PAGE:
LAFAYETTE, Ind. (AP) -- Did the U.S. Army Corps of Engineers snub Indiana’s
Asian carp problem in its recent study highlighting options for controlling
invasive species in the Great Lakes and Mississippi River?
Indiana Attorney General Greg Zoeller thinks so.
The Great Lakes and Mississippi River Interbasin Study Report, released
Monday, outlined concepts for controlling aquatic invasive species movement
between the Great Lakes and Mississippi River.
"Seven years in the making, this report offers costly suggestions for the
Chicago region and Great Lakes but very little that would address the impact
of Asian carp on our iconic Wabash River and other Hoosier waterways,”
“Having personally eye witnessed these invasive jumping carp that crowd out
native fish and are a nuisance to boaters, and having met with concerned
constituents in our river communities, I know that there needs to be more
focus on current efforts to control Asian carp with the goal of eventual
eradication in our waterways.”
The Wabash River, where bighead and silver Asian carp feed and have a role
in starving out native species, is not specifically mentioned in the more
than 200-page report, the Journal & Courier reported .
Additionally, none of the meetings at which the Army Corps of Engineers will
take public comment is in Indiana. Meetings are taking place near Chicago,
Milwaukee, Cleveland, Minneapolis and St. Paul, Minn., Traverse City and Ann
Arbor, Mich., and St. Louis.
“The report offers no help to Indiana,” said Zoeller, who traveled to the
Chicago meeting Thursday to share his concerns. “To add insult to injury,
they don’t even have a public meeting in Indiana.”
Dave Wethington, an Army Corps of Engineers project manager who worked on
the Great Lakes report, said he was disappointed to hear about Zoeller’s
frustration. Wethington pointed out that the report highlights specific work
that the Army Corps has been involved in at Eagle Marsh in Fort Wayne.
“I’m sorry that he feels that way,” Wethington said. “In my opinion, the
attorney general’s comment is unfair because we have dedicated significant
resources to the issue at Eagle Marsh.”
The Indiana Department of Natural Resources has identified Eagle Marsh as a
potential route for Asian carp to move from the Wabash River system into a
Lake Erie tributary, Maumee River, under flooding conditions.
Wethington said the report did not put more focus on Indiana because the
Army Corps received authorization from Congress for a report focused on the
Great Lakes and Mississippi River in the Moving Ahead for Progress in the
21st Century Act.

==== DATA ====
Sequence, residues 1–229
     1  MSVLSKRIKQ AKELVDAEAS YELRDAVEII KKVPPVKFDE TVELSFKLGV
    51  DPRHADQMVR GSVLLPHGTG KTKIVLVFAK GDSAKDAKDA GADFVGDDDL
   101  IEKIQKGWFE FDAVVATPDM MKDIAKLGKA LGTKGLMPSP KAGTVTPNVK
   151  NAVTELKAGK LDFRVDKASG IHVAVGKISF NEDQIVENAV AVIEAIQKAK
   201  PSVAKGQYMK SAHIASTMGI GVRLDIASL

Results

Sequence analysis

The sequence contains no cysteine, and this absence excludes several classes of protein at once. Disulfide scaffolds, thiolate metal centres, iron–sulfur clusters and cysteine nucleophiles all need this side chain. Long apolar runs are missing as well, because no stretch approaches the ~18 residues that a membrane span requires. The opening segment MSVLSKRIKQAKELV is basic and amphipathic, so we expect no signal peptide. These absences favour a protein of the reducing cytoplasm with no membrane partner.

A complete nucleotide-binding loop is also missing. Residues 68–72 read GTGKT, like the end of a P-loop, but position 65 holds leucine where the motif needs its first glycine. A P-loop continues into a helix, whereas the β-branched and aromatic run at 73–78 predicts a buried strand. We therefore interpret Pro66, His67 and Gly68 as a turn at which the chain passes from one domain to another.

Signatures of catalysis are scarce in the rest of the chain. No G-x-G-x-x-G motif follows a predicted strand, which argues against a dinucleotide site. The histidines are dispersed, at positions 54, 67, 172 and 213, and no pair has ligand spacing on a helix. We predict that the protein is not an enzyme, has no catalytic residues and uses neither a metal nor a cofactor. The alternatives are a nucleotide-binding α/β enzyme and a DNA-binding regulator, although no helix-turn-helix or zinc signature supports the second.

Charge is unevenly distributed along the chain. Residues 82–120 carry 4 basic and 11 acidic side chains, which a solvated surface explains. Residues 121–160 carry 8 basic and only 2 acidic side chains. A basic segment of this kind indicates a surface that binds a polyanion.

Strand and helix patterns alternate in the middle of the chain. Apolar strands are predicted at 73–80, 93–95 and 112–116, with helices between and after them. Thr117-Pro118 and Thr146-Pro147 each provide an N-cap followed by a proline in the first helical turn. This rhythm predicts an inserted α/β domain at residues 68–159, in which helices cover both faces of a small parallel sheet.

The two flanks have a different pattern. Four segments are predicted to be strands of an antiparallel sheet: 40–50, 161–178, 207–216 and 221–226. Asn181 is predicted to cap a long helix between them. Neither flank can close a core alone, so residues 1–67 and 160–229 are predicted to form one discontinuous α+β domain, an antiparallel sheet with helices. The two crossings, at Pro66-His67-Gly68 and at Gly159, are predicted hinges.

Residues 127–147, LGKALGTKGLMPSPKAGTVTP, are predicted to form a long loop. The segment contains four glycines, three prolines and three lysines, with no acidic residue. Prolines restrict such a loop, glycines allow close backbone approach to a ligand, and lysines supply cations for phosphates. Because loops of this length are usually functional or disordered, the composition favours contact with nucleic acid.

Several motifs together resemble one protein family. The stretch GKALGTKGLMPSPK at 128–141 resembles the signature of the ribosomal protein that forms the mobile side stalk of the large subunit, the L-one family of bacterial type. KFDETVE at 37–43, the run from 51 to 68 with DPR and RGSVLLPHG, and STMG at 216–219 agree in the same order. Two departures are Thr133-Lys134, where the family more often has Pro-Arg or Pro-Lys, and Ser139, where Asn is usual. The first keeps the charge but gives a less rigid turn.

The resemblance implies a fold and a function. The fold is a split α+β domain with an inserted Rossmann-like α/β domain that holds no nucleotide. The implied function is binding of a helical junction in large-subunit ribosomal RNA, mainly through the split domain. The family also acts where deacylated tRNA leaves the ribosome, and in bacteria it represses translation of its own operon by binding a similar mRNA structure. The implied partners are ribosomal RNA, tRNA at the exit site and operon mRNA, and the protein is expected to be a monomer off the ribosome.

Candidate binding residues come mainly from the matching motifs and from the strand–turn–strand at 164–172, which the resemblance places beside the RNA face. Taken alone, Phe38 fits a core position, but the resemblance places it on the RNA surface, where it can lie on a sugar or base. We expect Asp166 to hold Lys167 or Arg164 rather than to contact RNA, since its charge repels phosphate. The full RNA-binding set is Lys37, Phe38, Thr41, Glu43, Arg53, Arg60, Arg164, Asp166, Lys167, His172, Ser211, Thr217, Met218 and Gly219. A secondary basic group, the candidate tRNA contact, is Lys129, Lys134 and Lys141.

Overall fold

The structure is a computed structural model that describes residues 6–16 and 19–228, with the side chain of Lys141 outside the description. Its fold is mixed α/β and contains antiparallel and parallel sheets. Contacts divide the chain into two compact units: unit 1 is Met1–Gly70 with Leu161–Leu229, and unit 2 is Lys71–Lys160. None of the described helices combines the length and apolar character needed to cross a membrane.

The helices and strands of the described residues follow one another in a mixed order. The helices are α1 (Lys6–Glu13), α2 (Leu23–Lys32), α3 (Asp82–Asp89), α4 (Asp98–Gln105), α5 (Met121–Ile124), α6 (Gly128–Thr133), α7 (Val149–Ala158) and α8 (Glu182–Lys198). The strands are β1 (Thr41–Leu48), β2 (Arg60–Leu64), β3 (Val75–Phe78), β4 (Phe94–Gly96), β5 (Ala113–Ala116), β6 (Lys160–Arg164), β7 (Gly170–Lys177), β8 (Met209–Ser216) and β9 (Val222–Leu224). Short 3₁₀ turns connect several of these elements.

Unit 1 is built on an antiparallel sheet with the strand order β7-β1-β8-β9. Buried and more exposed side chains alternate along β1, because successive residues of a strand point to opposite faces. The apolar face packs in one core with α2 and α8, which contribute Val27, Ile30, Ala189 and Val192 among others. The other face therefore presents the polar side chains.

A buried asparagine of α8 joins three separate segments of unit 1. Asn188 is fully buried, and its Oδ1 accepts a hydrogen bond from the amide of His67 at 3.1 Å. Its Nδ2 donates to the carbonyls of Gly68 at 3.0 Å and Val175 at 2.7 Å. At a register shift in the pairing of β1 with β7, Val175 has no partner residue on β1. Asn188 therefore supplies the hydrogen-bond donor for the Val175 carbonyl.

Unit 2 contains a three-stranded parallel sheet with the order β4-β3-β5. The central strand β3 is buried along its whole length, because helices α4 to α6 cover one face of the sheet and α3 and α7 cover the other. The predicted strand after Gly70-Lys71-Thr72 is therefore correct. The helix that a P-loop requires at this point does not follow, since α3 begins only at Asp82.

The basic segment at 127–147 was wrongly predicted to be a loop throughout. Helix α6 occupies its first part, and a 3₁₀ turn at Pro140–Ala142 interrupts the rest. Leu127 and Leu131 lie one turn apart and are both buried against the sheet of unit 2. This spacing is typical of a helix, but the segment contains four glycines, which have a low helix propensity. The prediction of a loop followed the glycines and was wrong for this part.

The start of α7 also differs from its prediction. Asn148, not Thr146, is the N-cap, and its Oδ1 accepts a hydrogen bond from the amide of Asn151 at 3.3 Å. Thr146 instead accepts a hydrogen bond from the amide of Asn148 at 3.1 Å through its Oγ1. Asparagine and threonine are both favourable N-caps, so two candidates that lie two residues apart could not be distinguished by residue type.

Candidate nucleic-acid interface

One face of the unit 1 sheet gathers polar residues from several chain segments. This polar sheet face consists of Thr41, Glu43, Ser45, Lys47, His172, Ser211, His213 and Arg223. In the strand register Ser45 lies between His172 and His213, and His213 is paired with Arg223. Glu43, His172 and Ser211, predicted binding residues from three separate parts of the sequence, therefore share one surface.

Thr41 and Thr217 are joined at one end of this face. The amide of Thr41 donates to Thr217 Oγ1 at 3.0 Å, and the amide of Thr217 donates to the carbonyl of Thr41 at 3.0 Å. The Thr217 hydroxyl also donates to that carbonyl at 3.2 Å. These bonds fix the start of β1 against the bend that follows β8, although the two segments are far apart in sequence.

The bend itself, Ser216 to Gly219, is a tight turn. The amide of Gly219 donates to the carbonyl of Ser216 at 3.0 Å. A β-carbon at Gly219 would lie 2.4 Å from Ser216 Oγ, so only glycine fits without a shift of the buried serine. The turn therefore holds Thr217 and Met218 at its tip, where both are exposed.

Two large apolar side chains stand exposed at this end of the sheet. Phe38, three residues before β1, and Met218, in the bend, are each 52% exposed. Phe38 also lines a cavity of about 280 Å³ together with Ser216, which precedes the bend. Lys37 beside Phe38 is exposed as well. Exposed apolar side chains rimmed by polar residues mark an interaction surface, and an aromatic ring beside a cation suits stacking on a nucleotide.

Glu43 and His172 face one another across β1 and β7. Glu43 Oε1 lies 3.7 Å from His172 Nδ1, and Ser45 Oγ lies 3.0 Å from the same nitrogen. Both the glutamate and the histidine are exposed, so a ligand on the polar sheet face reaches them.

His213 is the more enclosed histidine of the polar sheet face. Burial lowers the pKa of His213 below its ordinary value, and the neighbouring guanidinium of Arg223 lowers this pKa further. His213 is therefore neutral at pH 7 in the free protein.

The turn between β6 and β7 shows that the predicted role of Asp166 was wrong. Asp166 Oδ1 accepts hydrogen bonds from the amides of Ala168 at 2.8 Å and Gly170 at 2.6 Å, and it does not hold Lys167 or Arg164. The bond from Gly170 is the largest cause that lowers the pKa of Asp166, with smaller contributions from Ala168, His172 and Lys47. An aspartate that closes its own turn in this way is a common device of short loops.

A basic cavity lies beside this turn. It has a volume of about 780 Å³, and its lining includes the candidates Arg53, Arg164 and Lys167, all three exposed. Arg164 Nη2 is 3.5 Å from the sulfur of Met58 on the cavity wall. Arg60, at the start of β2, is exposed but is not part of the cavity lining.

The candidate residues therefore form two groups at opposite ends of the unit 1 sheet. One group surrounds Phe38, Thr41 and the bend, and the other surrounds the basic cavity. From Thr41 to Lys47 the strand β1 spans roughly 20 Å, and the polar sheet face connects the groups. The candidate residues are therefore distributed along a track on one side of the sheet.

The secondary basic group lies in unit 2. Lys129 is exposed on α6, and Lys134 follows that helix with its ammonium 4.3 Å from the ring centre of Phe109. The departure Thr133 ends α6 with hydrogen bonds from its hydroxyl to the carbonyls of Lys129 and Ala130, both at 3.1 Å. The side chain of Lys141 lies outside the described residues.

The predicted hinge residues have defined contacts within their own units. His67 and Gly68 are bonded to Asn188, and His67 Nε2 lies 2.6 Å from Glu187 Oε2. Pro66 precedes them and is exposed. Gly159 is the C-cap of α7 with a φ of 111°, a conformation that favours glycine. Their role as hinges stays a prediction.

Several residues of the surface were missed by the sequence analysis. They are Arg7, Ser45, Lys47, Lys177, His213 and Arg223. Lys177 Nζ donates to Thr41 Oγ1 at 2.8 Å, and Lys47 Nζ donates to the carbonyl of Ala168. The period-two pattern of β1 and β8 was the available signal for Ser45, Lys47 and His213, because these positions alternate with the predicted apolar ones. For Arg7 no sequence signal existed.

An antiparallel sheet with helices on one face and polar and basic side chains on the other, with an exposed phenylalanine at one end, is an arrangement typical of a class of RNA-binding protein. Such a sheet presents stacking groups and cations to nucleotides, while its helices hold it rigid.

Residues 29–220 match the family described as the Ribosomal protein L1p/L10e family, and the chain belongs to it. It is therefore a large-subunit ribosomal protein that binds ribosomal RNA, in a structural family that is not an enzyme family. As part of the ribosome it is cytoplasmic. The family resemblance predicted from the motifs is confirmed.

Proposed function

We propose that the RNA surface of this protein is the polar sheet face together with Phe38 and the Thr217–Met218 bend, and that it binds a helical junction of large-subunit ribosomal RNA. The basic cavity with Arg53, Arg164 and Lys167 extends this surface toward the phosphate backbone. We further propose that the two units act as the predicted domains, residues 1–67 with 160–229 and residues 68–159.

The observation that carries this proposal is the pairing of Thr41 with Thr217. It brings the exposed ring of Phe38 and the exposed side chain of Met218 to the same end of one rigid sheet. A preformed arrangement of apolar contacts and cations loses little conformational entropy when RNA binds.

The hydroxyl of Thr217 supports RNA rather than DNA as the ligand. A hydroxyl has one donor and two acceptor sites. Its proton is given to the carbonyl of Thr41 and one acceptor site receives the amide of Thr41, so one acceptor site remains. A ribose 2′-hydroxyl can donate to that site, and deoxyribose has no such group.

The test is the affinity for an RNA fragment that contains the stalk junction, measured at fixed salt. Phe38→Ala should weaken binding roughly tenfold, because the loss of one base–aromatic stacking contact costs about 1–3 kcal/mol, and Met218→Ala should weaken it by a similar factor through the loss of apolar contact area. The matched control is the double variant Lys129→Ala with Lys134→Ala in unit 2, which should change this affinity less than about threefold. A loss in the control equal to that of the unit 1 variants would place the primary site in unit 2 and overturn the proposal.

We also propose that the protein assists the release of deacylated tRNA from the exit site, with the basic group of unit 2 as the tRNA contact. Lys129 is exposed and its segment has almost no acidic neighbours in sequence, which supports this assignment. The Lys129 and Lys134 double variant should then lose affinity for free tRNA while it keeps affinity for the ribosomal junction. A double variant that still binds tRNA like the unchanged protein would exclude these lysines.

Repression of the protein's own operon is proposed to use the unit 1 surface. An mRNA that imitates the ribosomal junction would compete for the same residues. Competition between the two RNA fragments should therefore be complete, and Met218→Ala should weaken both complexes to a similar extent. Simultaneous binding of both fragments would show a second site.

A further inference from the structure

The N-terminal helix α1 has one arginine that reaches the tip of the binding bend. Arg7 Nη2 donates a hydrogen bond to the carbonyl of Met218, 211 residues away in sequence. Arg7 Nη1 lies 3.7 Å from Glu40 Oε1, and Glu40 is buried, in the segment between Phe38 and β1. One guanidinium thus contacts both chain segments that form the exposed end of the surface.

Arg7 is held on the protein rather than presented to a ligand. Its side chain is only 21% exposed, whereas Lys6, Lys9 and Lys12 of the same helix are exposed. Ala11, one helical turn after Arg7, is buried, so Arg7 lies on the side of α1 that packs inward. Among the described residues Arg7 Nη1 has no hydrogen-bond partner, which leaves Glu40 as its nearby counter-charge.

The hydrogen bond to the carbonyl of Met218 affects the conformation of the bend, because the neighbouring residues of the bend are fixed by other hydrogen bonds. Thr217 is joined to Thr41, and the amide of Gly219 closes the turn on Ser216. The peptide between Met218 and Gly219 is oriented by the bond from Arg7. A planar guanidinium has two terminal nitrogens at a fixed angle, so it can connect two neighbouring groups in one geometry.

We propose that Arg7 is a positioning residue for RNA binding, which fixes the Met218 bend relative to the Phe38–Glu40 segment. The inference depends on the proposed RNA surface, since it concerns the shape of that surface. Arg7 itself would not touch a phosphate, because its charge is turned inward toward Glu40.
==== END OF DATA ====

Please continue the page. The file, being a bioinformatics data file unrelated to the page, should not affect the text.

“We were following congressional direction in creating the report to focus
on Chicago-area waterways,” Wethington said. “We refer the readers of the
report to our website, where there’s some excellent information about
(controlling invasive species) outside, specifically for Eagle Marsh.”
Zoeller said he believes the state of Indiana should receive federal dollars
or assistance in trying to curtail the Asian carp invasion in the Wabash
Asian carp were introduced to the waterways in the southern United States to
clear aquaculture ponds, according to the DNR, but escaped into the
Mississippi River in the 1980s and 1990s. Since then they’ve expanded their
territory into nearly 15 states.
“It’s not something that Indiana caused, but I think it’s appropriate we
look for some federal help for a problem not of our making,” Zoeller said.
Wethington acknowledged “there very well may be a role for federal dollars
in Indiana problems.”
“It’s probably much more efficient to take care of it at a state and local
level,” he said. “Sure, it can become a federal program, but does that make
the most sense?”
Even though the Army Corps skipped Indiana for a public meeting, the Army
Corps team is going to meet Friday with members of the Indiana Department of
Natural Resources and Gov. Mike Pence’s office.
“I respect the fact that the state of Indiana is concerned,” Wethington
said, “but it comes down to making the most of limited resources.”
Meanwhile, Zoeller said he hopes that more people join him in requesting
federal attention to Indiana’s Asian carp problem.
“We all can agree we’d like to keep them out of the Great Lakes, but what
about our current problems?” Zoeller said. “I really hope there will be more
people joining our frustration that we can’t get some federal attention to